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In Nixon's first book, published in 1962, he discusses six of his major political crises. One of these was, of course, the Checkers Speech. The section on the speech is basically a defense of the whole affair—after all, it's his book. Even so, it's difficult to be too hard on the guy: he was falsely accused (this time at least).
The Checkers Speech is included in Safire's book as a term for any speech made by a politician which is emotionally over-charged. It's an idiom that's lost traction for most people, but it's still prevalent in the political science community.
That's right: the speech was so over-the-top that they named every other schmaltzy speech after it.
One of the inspirations for Nixon's Checkers story was a speech by FDR, made on the exact same day eight years earlier. FDR was responding to a smear by Republicans that he'd accidentally left his little Scottish terrier Fala behind on an island while touring the Pacific, and had sent a Naval Destroyer back to retrieve her. FDR turned the scandal into a joke, deftly deflecting the controversy. Nixon used a similar dog-friendly strategy, though in his case it was more opportunistic; nobody had heard of Checkers before the speech.
The 2004 U.S. Presidential election wasn't all that different from the 1952 election: you had a Democratic candidate who was seen as something of an aristocratic egghead (John Kerry), and on the Republican ticket you had the extremely likeable George W. Bush. Bush was famously declared "the candidate you'd rather have a beer with" in a Zogby/Williams poll.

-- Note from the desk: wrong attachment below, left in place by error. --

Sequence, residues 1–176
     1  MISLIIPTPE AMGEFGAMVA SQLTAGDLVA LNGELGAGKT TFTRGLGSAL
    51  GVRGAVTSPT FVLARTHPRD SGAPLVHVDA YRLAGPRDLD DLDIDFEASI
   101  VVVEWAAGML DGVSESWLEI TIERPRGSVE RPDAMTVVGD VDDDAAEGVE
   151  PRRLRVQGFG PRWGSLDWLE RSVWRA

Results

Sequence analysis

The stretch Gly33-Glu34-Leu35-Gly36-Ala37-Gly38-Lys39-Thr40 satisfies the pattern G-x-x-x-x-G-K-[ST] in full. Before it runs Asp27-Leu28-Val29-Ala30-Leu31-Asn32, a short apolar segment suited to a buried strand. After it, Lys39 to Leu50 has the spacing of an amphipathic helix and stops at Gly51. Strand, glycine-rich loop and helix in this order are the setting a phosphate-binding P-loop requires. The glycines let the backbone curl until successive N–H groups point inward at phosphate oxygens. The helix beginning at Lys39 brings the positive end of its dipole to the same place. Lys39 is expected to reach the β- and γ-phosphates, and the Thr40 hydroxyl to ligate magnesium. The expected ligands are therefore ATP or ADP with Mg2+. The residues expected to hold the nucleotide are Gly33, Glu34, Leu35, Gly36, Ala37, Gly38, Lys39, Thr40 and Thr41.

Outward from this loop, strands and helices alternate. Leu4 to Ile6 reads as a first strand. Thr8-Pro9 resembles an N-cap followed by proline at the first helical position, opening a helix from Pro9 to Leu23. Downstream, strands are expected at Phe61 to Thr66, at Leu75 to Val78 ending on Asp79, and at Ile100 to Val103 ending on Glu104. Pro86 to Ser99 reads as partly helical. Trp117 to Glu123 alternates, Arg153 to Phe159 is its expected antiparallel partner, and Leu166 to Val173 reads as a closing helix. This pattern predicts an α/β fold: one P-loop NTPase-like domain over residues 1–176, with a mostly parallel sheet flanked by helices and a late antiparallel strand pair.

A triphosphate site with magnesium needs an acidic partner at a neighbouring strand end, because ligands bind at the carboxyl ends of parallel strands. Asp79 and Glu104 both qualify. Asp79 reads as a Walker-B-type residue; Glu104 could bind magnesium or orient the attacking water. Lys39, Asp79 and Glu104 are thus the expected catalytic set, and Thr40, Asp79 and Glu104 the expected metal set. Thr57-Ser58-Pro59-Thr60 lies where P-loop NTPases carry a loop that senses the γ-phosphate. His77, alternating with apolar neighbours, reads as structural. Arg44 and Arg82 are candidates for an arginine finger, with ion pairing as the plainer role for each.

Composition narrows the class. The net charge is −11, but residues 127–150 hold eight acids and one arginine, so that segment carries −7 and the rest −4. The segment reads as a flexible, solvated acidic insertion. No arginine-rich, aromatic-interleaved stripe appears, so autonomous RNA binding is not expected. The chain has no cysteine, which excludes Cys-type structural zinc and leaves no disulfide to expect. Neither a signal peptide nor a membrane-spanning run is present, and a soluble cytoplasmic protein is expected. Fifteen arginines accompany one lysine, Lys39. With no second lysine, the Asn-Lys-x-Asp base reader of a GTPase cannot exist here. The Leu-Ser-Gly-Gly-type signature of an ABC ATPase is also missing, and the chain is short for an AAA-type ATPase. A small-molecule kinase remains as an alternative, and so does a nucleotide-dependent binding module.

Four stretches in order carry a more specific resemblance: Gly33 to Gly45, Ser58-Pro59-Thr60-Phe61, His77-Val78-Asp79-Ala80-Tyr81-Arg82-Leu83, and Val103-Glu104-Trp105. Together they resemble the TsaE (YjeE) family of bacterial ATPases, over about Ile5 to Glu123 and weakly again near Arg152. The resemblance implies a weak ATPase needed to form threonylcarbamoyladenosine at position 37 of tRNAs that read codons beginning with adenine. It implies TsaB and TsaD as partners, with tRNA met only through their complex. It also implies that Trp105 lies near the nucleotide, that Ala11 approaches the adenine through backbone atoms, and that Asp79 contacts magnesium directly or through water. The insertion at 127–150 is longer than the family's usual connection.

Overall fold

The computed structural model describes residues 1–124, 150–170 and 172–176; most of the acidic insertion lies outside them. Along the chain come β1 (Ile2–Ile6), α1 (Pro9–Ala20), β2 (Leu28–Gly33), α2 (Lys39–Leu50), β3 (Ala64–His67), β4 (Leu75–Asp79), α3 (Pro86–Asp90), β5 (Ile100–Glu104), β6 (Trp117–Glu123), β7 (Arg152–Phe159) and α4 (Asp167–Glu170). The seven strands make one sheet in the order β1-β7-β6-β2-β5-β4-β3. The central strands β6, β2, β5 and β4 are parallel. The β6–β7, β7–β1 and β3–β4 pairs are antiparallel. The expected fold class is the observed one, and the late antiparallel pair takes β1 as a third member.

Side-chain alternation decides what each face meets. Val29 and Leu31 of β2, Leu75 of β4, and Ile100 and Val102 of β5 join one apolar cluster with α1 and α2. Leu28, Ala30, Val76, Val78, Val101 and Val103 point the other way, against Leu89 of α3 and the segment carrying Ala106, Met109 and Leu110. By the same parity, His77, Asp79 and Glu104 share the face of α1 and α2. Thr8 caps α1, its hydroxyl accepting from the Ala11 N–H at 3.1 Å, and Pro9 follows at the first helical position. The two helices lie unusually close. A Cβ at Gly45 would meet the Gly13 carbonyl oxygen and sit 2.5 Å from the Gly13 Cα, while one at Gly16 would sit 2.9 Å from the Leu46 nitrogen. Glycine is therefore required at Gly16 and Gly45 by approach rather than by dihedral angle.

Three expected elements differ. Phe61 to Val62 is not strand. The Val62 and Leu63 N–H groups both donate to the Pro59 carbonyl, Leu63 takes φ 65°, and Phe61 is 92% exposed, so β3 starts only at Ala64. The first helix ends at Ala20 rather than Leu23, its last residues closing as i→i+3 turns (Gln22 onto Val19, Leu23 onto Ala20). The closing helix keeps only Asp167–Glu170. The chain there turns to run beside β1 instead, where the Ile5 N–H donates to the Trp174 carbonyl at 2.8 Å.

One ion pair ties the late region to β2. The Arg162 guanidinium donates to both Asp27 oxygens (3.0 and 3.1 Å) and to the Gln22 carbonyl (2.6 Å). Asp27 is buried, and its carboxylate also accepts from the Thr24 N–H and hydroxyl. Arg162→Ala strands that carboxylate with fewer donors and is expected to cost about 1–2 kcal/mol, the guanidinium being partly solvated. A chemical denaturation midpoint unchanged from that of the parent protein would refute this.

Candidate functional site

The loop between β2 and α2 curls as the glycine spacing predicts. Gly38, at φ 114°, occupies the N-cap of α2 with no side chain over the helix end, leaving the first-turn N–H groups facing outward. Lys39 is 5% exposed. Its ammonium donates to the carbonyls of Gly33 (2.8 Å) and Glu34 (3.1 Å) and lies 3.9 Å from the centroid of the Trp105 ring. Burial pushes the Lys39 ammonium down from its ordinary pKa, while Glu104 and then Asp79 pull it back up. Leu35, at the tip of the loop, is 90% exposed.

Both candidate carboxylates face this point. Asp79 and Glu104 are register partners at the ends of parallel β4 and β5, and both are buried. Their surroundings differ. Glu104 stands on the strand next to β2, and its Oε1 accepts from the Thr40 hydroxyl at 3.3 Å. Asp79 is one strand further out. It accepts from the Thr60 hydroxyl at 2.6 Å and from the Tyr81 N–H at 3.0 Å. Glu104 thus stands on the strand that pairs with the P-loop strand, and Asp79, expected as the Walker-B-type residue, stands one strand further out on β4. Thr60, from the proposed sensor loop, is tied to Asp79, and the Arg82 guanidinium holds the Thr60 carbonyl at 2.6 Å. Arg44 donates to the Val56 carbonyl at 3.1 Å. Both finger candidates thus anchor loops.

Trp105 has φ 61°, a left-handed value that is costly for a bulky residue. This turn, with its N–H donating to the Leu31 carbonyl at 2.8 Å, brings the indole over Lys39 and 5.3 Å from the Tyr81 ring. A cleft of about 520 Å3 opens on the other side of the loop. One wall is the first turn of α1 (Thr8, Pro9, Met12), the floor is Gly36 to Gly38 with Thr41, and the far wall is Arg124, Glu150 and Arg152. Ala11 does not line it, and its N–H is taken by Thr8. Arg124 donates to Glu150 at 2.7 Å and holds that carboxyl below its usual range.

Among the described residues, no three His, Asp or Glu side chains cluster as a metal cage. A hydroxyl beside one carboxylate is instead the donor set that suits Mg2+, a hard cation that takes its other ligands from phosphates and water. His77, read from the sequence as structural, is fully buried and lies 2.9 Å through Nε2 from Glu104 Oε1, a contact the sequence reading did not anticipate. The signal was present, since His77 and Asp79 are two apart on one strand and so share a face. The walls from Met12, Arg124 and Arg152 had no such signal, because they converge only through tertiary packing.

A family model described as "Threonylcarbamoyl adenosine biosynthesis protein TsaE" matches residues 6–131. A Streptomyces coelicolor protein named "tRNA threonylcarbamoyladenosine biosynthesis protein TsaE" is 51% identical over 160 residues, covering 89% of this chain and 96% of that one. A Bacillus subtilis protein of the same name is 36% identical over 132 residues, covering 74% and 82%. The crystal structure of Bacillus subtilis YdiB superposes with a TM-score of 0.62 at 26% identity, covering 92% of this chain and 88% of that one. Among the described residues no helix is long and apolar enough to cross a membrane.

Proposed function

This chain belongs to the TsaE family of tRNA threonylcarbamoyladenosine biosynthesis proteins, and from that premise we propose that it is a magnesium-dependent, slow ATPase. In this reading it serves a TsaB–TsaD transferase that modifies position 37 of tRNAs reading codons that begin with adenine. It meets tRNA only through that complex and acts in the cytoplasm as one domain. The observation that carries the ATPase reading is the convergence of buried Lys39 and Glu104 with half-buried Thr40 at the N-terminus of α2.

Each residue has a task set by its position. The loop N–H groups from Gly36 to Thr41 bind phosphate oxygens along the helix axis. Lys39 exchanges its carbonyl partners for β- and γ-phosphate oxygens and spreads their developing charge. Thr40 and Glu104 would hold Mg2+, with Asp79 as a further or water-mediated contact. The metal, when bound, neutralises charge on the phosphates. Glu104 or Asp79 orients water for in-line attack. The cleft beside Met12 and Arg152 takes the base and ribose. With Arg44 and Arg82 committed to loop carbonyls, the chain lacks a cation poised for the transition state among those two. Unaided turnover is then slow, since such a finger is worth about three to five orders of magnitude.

This personable image was an important factor in Bush's victory over Kerry, despite a lot of controversy because of messy foreign wars, 9/11, deregulation, and a mini-recession that occurred during his first term. It was this same likeability factor that Nixon was going for in his Checkers Speech.
Spitzer was a powerful politician in New York politics who had risen as the Attorney General and eventual Governor of New York in 2006. Two years later, it was revealed that Spitzer had been deeply involved with a high-end prostitution ring. It threatened to end his political career.
Spitzer tried to get ahead of the scandal, ordering a press conference to respond. Rather than an open and honest approach, Spitzer vaguely referred to this as a "personal matter," and ended the press conference without taking questions. He'd later be called upon to resign, and during his resignation speech there were certainly flashes of the Checkers Speech pathos. Spitzer slowly tried to get back into the political game, but with less success than Nixon had.
President Clinton called a press conference after rumors were made public about an affair with Monica Lewinsky, a young intern at the White House. By taking to the airwaves, he hoped to speak directly to the people and put the scandal behind him. He took a page from the Nixon playbook, looking us straight in the eye and saying, "But I just want to say one thing to the American people. I want you to listen to me. I'm going to say this again. I did not have sexual relations with that woman, Miss Lewinsky. I never told anyone to lie, not a single time, ever."
Clinton had one problem Nixon didn't have, though.
He was lying.
He did have sexual relations with that woman. Seven months later, he was back on TV again, this time in a speech devoted entirely to the scandal. He even looked as somber as Nixon after Watergate as he admitted having the sexual affair and lying to the American people about it. Like Nixon, he thought that this prying into his personal life was part of a larger politically-motivated attack that had been going on for years.